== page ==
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The Bulk Tanker Emergency Responder Card is administered by the Fire Protection Association Australia (FPA Australia) and supported by the Australasian Fire Authorities Council (AFAC)

This specialist course can only be delivered by the approved provider, the Transport Industries Skills Centre (TISC) in Canberra

The Card recognizes that the holder has received formal training in dealing with bulk tanker emergencies

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Sydney East NSW
31 Spill Response Pump Equipped
Benalla VIC 22 Spill Response
Beresfield NSW 17 Spill Response
Bordertown SA 24 Spill Response
Brisbane QLD 25 Spill Response
Canberra ACT 2 Spill Response
Canberra ACT 3 Spill Response Pumping Unit
Canberra ACT 4 Spill Response Skimmer Unit
Canberra ACT 5 Training Cutaway Unit Unit
Canberra ACT 6 Training Rollover Unit
Canberra ACT 29 Training Unit Pump Equipped
Canberra ACT 30 Spill Response Pump Equipped
Cooma NSW 27 Spill Response Pump Equipped
Cootamundra NSW 14 Spill Response
Dubbo NSW 36 Spill Response Pump Equipped
Eden NSW 10 Spill Response
Forbes NSW 18 Spill Response
Goulburn NSW 8 Spill Response
Griffith NSW 13 Spill Response
Holbrook NSW 20 Spill Response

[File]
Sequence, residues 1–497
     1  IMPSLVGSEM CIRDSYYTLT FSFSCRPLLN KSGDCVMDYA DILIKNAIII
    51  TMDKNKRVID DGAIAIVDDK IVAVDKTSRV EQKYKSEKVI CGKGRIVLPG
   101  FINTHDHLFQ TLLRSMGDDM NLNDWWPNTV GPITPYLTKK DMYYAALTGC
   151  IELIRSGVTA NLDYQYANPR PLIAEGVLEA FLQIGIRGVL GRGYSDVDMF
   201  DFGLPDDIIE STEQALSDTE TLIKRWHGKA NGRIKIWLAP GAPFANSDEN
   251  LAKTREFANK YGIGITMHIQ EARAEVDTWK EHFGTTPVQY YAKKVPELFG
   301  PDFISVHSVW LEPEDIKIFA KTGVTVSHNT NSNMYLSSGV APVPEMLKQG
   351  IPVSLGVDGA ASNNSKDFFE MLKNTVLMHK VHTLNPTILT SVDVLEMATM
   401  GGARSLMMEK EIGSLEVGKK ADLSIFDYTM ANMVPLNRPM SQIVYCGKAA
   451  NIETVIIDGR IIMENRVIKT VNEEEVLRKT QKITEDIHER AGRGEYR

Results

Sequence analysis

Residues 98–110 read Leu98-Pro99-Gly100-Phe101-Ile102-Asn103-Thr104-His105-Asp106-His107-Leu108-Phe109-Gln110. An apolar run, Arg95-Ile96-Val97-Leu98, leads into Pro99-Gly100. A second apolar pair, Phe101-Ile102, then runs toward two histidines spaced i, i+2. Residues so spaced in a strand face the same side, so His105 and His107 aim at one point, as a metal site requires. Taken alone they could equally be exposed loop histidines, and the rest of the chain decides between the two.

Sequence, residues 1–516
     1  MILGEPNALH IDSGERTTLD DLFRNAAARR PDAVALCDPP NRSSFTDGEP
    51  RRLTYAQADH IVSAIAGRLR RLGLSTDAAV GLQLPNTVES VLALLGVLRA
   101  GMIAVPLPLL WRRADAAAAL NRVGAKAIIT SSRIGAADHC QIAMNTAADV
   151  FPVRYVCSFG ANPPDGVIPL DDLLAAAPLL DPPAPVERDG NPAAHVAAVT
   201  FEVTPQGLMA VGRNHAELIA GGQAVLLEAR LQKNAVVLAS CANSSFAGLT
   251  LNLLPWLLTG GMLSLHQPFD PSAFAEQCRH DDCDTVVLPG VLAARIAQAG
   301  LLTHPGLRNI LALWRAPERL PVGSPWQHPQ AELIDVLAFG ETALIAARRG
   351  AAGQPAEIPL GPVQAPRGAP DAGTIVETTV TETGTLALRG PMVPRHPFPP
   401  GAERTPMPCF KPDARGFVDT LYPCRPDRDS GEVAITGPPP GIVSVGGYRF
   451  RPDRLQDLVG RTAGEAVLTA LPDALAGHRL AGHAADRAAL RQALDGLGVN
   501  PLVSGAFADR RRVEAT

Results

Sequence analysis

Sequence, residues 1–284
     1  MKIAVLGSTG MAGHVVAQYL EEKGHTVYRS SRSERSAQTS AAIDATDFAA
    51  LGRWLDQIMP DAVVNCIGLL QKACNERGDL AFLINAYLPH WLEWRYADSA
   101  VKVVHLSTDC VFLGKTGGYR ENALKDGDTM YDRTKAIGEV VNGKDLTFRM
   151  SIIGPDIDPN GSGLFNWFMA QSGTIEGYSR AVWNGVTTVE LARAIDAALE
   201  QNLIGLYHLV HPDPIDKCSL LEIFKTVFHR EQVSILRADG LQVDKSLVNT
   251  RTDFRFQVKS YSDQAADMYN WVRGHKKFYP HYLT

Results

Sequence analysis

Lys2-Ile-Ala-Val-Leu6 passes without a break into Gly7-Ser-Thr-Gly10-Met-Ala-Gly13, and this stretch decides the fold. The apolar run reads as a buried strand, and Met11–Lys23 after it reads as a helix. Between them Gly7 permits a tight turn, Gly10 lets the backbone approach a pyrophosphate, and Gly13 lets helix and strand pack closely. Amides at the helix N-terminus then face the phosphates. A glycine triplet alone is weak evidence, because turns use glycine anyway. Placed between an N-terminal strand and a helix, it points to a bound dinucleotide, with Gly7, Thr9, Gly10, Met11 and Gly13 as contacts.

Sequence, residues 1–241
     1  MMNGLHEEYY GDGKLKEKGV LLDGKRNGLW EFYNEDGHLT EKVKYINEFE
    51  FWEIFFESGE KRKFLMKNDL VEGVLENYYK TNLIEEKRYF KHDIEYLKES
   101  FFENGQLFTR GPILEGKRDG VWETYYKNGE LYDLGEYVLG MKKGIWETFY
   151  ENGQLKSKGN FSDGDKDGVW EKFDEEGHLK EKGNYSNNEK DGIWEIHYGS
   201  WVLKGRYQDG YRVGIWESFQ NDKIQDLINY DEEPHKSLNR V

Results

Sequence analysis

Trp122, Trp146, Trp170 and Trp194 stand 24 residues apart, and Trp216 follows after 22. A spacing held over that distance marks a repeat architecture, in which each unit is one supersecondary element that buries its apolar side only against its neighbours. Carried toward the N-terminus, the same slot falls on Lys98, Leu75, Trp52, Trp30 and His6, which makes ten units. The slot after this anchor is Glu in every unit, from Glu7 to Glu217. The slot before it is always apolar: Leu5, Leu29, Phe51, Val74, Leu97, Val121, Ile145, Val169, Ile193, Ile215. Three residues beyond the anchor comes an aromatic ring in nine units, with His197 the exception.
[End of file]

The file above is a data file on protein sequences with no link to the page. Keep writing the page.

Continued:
Lismore NSW 35 Spill Response Pump Equipped
Melbourne VIC
37 Spill Response Pump Equipped
Mildura VIC 16 Spill Response
Moruya NSW 12 Spill Response
Newcastle NSW 19 Spill Response
Orange NSW 11 Spill Response
Port Kembla NSW 34 Spill Response Pump Equipped
Prestons West Sydney NSW
32 Spill Response Pump Equipped
Beresfield NSW 17 Spill Response
Rockhampton QLD 28 Spill Response
Rockhampton QLD 33 Spill Response Pump Equipped
Shepparton VIC 15 Spill Response
Wagga Wagga NSW 26 Spill Response Pump Equipped
Wauchope NSW 21 Spill Response
Wodonga VIC 9 Spill Response
Yass NSW 23 Spill Response


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Member's please note that the equipment usage and accountability criteria are specific and clearly spelt out in CROIERG information in the Member's Manual, which is available in the Member's Area of this website

CROIERG appreciates the efforts of the host companies who look after our trailers at various locations and provide monthly checks to ensure they are operational

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November 2010


The Year 2010 CROIERG Annual General Meeting was held at Yass NSW on Friday October 22nd